Here are a pair of articles about eBooks, both from people who are knowledgable users of them who are discussing the limitations of them. The first, from a link sent in by Mike Cane, is about how a guy that uses Microsoft Reader as his viewer got screwed because he buys so many devices (PCs, pocket PCs, etc) that he used up his 6 activations and is now SOL. This is not unlike the Cory Doctrow piece a few months back where because he bought lots of iTunes music and buys lots of new Macintosh laptops he got into a position where he had no more activations either. In both, there is a salient detail in common – the people who get the most severly boned by the DRM restrictions are really really good customers! People who buy lots of books and music or other DRM-locked content and also buy lots of machines and handhelds will be the people who run into these restrictions. My contention is simple – any system that is set up to guard against an unproven and unquantifiable threat and does so by setting up roadblocks that impede your most committed customers from spending more money is Bad Fricking Business.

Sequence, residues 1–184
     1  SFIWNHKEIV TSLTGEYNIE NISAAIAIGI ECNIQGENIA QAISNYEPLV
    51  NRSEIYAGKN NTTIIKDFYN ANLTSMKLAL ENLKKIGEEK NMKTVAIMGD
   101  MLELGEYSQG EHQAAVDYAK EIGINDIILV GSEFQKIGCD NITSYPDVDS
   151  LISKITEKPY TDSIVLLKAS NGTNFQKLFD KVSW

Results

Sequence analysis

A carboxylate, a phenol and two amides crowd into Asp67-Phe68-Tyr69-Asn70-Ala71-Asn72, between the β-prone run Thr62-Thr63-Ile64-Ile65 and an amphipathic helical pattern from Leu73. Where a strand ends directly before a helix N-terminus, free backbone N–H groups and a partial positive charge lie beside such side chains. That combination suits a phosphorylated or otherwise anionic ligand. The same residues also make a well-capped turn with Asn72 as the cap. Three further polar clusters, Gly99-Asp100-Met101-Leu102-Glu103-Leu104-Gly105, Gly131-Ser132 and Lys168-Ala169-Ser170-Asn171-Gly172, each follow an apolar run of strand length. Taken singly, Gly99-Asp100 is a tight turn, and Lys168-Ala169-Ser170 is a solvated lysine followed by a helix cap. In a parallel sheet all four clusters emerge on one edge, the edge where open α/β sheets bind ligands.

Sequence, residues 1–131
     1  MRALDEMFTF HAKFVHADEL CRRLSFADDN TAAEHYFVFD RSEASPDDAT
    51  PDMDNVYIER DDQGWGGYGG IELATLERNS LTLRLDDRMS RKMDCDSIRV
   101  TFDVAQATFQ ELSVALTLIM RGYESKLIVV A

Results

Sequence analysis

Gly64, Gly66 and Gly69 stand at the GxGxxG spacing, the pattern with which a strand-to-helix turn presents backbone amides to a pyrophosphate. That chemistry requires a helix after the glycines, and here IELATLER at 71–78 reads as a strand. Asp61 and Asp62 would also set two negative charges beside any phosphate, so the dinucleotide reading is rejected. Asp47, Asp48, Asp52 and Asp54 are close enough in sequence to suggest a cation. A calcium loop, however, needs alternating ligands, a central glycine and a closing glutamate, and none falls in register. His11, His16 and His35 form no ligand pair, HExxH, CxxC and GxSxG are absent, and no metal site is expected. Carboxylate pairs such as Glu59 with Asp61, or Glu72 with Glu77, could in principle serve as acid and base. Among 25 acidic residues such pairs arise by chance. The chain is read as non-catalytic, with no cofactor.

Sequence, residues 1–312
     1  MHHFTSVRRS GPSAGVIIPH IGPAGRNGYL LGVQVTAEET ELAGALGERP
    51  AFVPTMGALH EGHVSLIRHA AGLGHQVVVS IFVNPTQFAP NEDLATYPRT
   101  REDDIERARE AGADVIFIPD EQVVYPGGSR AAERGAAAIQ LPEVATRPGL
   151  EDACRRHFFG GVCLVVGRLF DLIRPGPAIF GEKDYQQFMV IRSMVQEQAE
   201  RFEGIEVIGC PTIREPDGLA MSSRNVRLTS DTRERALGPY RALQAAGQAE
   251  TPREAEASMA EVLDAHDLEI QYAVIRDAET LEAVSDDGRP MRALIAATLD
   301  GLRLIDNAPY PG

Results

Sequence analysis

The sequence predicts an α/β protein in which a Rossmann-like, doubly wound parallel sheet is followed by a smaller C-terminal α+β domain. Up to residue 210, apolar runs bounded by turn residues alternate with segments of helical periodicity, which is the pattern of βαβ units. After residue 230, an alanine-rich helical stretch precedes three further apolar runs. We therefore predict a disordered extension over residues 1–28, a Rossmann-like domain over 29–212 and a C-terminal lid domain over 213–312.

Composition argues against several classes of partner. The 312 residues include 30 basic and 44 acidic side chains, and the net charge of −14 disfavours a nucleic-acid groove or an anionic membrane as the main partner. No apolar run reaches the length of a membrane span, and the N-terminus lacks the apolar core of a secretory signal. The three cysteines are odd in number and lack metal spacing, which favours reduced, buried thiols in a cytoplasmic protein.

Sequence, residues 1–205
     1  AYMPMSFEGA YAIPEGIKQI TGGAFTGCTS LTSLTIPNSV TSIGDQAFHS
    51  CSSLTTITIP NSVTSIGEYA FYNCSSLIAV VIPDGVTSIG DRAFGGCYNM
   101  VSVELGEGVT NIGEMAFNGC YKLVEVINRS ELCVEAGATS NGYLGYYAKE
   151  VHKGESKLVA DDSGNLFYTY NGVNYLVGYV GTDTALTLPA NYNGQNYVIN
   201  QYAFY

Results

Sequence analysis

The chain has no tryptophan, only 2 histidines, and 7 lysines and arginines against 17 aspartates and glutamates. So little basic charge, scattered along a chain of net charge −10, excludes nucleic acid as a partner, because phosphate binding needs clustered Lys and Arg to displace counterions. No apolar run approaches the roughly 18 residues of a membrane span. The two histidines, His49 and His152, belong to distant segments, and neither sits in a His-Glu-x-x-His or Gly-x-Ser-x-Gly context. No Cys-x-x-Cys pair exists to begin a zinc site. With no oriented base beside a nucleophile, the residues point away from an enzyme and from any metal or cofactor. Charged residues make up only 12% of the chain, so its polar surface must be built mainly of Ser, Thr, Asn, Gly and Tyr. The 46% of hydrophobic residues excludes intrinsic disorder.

In the other article, superdude Charlie Stross discusses why more of his books aren’t available in electronic form which also ends up ranging into some general discussion of the medium.
I don’t much write about ebooks here any more, because what I say from time to time is so damned similar. Bad business decisions are keeping people from spending money. Fear of piracy is costing publishers far more money is sales that can’t happen than the pirates could have ever caused them to lose. If they priced their ebooks reasonably (ie, not the same as the hardcover) they could have a nice revenue stream that scales beautifully, in that it doesn’t involve expensive presses running expensive paper through, and expensive teamsters moving books into expensive racks in grocery stores and bookstores. It’s a damn shame that the only major publisher that gets these points is Baen books, a publisher of which I care to read maybe one book in 100 that they publish. It should be noted that Baen is making much more money than they did a few years ago, and their electronic strategy is a very significant portion of that.